Diagonal Relation is Right Identity

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Theorem

Let $\mathcal R \subseteq S \times T$ be a relation on $S \times T$.


Then:

$\mathcal R \circ \Delta_S = \mathcal R$

where $\Delta_S$ is the diagonal relation on $S$, and $\circ$ signifies composition of relations.


Proof

We use the definition of relation equality, as follows:


Equality of Codomains

The codomains of $\mathcal R$ and $\mathcal R \circ \Delta_S$ are both equal to $T$ from Codomain of Composite Relation.


Equality of Domains

The domains of $\mathcal R$ and $\mathcal R \circ \Delta_S$ are also easily shown to be equal.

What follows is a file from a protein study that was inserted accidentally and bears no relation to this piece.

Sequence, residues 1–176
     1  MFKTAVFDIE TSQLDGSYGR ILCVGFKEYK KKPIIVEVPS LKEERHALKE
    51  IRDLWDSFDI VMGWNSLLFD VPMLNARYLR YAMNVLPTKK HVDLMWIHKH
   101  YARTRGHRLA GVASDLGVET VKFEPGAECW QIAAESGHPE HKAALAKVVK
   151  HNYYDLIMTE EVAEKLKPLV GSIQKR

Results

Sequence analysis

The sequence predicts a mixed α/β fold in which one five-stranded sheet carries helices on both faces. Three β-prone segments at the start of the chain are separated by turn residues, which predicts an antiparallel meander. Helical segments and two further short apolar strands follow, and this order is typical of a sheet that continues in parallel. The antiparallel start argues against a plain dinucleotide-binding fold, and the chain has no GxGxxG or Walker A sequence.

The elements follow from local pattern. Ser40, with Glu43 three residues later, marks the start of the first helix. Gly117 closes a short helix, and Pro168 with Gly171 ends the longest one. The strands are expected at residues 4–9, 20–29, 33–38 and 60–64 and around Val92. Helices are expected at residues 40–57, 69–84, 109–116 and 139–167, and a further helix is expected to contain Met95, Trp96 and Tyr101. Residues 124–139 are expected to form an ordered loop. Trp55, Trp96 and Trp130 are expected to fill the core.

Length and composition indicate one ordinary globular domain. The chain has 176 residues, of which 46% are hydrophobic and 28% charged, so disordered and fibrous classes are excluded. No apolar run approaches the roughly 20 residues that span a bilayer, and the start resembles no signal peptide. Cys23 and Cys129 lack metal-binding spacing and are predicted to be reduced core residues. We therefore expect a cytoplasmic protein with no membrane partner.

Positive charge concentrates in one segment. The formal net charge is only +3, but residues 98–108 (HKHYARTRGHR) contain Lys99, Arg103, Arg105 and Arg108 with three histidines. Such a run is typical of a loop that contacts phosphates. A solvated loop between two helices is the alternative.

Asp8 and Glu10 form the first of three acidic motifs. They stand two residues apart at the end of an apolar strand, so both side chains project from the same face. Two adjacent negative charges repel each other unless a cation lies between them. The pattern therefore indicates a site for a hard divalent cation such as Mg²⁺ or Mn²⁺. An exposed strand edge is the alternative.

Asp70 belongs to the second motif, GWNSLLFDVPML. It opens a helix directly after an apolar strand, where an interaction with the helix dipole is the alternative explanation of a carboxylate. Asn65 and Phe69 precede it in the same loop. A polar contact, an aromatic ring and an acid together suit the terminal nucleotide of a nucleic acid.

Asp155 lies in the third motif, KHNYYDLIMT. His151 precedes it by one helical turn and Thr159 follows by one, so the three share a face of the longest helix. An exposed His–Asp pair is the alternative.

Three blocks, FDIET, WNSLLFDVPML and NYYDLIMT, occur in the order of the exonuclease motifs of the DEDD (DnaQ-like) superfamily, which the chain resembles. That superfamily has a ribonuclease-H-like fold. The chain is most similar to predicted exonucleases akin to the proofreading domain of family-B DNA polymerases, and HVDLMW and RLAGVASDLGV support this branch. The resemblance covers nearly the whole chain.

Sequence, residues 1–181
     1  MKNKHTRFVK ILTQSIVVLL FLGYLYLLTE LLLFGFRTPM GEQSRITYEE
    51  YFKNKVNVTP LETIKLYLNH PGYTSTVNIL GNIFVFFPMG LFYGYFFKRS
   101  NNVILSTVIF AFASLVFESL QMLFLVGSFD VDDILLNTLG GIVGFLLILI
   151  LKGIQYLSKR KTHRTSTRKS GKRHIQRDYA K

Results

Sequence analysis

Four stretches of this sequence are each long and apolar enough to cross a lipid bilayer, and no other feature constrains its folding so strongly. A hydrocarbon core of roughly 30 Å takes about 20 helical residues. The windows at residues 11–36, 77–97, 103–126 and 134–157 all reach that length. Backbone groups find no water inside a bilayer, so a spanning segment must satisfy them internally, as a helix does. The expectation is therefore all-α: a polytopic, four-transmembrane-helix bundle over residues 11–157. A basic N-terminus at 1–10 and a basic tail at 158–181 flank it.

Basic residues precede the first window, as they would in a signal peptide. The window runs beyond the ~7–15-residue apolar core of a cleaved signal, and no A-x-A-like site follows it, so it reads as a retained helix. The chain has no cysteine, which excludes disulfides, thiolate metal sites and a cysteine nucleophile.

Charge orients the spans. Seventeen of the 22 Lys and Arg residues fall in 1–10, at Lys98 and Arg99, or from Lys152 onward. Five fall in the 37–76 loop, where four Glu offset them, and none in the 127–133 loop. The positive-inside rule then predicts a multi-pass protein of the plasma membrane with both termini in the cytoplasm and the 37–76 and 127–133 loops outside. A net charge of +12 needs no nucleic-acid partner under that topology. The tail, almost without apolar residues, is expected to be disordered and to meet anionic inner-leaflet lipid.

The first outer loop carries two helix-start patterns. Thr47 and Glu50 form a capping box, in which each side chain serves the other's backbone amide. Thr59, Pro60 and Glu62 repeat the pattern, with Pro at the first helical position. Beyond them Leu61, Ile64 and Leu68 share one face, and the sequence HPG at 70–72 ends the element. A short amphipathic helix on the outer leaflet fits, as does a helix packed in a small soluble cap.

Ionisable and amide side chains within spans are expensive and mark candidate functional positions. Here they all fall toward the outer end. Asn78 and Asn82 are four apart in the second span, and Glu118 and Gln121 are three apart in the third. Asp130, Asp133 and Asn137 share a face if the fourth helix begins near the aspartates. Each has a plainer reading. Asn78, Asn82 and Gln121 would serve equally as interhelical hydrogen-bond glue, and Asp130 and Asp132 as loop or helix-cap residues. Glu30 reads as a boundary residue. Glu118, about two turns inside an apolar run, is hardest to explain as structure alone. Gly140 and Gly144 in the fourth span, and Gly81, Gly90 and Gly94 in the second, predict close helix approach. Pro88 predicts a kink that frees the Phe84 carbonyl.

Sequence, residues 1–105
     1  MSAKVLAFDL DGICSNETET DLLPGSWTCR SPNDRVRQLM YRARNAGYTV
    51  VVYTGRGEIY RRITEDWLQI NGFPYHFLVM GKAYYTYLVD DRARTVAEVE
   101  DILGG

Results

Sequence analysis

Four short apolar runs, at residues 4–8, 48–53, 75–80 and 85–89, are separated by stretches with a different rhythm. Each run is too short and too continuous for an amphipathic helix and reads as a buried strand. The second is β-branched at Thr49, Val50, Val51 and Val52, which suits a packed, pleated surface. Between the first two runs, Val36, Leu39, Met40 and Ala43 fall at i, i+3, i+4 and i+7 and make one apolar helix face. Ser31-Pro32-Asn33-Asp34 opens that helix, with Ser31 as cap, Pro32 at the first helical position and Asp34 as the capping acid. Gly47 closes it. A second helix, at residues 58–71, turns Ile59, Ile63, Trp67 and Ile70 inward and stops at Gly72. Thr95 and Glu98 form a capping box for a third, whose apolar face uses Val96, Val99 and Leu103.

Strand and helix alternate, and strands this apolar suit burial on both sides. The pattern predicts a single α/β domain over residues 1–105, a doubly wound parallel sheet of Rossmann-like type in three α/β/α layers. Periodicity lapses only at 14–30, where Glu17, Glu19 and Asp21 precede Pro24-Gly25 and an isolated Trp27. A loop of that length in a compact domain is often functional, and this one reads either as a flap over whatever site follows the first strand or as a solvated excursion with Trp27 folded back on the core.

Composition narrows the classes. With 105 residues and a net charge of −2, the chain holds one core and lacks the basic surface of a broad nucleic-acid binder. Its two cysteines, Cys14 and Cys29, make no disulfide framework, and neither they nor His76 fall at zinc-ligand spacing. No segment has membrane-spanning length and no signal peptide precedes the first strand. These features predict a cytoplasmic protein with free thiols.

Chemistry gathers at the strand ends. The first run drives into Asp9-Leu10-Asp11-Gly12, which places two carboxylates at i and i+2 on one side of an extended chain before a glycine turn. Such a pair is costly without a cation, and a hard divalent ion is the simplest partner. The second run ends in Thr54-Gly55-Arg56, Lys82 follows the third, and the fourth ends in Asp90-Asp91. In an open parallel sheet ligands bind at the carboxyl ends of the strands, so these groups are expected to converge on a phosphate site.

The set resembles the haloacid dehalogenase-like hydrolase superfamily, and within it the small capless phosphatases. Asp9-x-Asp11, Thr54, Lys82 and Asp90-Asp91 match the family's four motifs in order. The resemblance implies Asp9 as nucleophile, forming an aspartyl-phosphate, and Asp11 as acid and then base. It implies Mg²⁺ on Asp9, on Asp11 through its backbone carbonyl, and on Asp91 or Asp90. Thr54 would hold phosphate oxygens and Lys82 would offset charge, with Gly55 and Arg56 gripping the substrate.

From Domain of Composite Relation:

$\Dom {\mathcal R \circ \Delta_S} = \Dom {\Delta_S}$

But from the definition of the diagonal relation:

$\Dom {\Delta_S} = \Img {\Delta_S} = S$


Equality of Relations

The composite of $\Delta_S$ and $\mathcal R$ is defined as:

$\mathcal R \circ \Delta_S = \set {\tuple {x, z} \in S \times T: \exists y \in S: \tuple {x, y} \in \Delta_S \land \tuple {y, z} \in \mathcal R}$

But by definition of the diagonal relation on $S$, we have that:

$\tuple {x, y} \in \Delta_S \implies x = y$

Hence:

$\mathcal R \circ \Delta_S = \set {\tuple {y, z} \in S \times T: \exists y \in S: \tuple {y, y} \in \Delta_S \land \tuple {y, z} \in \mathcal R}$


But as $\forall y \in S: \tuple {y, y} \in \Delta_S$, this means:

$\mathcal R \circ \Delta_S = \set {\tuple {y, z} \in S \times T: \tuple {y, z} \in \mathcal R}$

That is:

$\mathcal R \circ \Delta_S = \mathcal R$

Hence the result.

$\blacksquare$


Also see


Sources